NSG members restart meeting on waiver for India

September 6th, 2008 - 5:11 pm ICT by IANS  

New Delhi/Vienna, Sep 6 (IANS) The 45-member Nuclear Suppliers’ Group began its extraordinary meeting Saturday to find a consensus on a “clean waiver” to start nuclear commerce with India.The unusual decision taken by the NSG to extend their special session that began here Thursday by yet another day shows the seriousness of most members in the group to reach an agreement on the India-specific waiver.

The attempt at Saturday’s session will be to agree on the language of the “changed draft” prepared by the US.

Austria, Ireland and New Zealand are the three main countries opposed to a “clean waiver” for India.

These members have been insisting that unless a provision is contained in the draft that all commerce with India will be terminated immediately if New Delhi conducts another test, the waiver cannot be given.

China, a P-5 member, has also started playing a proactive role to support the demand for the proposed provision in the draft. But indications suggest that attempts are being made by the US leadership to talk to the Chinese leaders in Beijing to ensure China does not stand in the way of the waiver being sought for India.

India has been opposed to “conditionalities” in the waiver that infringes on its sovereign rights.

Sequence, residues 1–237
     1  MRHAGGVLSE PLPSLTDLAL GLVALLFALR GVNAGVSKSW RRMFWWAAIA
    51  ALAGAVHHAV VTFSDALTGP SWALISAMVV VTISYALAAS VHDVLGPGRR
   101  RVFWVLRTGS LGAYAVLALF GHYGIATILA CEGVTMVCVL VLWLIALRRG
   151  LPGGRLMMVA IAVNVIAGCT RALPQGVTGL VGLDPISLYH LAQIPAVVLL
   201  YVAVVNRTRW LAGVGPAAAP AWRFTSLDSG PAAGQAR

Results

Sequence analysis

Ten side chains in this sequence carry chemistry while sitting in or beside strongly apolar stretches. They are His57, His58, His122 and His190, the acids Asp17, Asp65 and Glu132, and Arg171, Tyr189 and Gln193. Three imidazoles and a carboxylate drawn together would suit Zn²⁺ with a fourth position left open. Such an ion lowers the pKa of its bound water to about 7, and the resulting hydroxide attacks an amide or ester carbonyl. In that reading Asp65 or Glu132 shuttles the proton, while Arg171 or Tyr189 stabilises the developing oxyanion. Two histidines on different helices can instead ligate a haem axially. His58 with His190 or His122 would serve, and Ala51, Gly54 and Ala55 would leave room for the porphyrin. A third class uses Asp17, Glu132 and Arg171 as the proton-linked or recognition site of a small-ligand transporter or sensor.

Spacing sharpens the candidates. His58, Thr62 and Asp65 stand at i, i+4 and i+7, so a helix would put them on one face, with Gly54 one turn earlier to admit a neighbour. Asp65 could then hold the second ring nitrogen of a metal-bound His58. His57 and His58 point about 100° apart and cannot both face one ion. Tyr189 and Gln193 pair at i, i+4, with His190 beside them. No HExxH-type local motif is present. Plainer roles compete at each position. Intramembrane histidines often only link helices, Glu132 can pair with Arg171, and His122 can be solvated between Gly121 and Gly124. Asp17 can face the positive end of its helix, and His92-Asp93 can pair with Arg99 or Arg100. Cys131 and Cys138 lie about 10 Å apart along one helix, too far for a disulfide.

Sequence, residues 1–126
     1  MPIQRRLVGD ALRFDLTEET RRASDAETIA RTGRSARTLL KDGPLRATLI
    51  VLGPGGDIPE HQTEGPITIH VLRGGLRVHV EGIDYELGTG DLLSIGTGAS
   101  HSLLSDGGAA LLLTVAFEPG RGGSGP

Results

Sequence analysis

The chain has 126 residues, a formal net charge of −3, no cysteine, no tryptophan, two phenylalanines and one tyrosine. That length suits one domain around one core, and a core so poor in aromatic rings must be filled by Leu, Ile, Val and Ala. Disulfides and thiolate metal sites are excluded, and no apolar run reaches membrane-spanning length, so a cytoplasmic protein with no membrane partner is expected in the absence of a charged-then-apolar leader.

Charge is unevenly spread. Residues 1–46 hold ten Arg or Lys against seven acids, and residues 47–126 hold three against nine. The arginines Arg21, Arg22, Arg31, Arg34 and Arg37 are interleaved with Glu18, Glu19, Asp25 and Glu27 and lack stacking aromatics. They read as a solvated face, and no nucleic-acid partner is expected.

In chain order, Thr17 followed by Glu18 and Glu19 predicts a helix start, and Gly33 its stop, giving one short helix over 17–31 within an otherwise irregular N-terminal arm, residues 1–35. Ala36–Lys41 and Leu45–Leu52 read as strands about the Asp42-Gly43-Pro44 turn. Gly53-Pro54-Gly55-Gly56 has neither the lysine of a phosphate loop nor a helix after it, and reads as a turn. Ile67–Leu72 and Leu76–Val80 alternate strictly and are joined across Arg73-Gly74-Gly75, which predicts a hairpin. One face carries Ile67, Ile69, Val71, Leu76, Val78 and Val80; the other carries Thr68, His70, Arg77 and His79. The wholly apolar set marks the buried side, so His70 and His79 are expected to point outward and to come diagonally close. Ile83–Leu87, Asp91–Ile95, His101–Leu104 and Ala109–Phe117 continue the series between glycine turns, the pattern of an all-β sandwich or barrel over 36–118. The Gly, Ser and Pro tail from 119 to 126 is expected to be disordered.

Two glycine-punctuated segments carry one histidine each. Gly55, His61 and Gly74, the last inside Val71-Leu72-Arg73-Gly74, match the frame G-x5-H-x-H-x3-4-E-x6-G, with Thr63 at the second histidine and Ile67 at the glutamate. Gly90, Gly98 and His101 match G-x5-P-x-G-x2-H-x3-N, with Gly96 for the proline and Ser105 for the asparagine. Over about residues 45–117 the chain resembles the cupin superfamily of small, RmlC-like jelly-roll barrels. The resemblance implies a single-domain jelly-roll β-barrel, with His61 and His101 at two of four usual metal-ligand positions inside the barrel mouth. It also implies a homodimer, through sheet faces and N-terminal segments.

Closed-door negotiations between India and US officials on a draft with new language and wordings in which the US prepared to accommodate concerns of some NSG members continued till early Saturday morning.

It was only at 2 a.m. Saturday that the NSG members, Indian officials and the US decided to take a break and continue the negotiations around 11 in the morning, Vienna time.

In New Delhi, Prime Minister Manmohan Singh chaired a meeting where External Affairs Minister Pranab Mukherjee and National Security Adviser M.K. Narayanan were present.

The external affairs minister, who was party to Friday night’s long-distance negotiations on the new draft, briefed the prime minister on the developments at the NSG meeting in Vienna.

Mukherjee made a statement Friday re-affirming India’s commitment to a “voluntary moratorium” it had announced soon after the May 1998 nuclear tests.

“We remain committed to a voluntary, unilateral moratorium on nuclear testing. We do not subscribe to any arms race, including a nuclear arms race,” the minister had said in his statement.

He had also reminded the NSG about India’s impeccable track record on non-proliferation while arguing that the proposed waiver will help further strengthen the global non proliferation agenda.

But some NSG members continued to remain sceptical and insisted that provisions should be made in the draft to deal with the situation if India conducted another nuclear test.

Saturday’s session of the NSG will make it clear whether the new language in the draft is acceptable to them or whether they will have another meeting to agree on the proposed waiver for India.

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